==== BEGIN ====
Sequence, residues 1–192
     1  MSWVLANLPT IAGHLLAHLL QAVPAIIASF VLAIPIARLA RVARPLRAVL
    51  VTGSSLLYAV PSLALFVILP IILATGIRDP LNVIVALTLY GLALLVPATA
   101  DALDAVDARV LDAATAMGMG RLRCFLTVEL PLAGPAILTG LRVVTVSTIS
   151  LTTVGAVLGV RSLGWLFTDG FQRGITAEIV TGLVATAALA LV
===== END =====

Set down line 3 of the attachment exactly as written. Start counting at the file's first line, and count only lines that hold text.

    51  VTGSSLLYAV PSLALFVILP IILATGIRDP LNVIVALTLY GLALLVPATA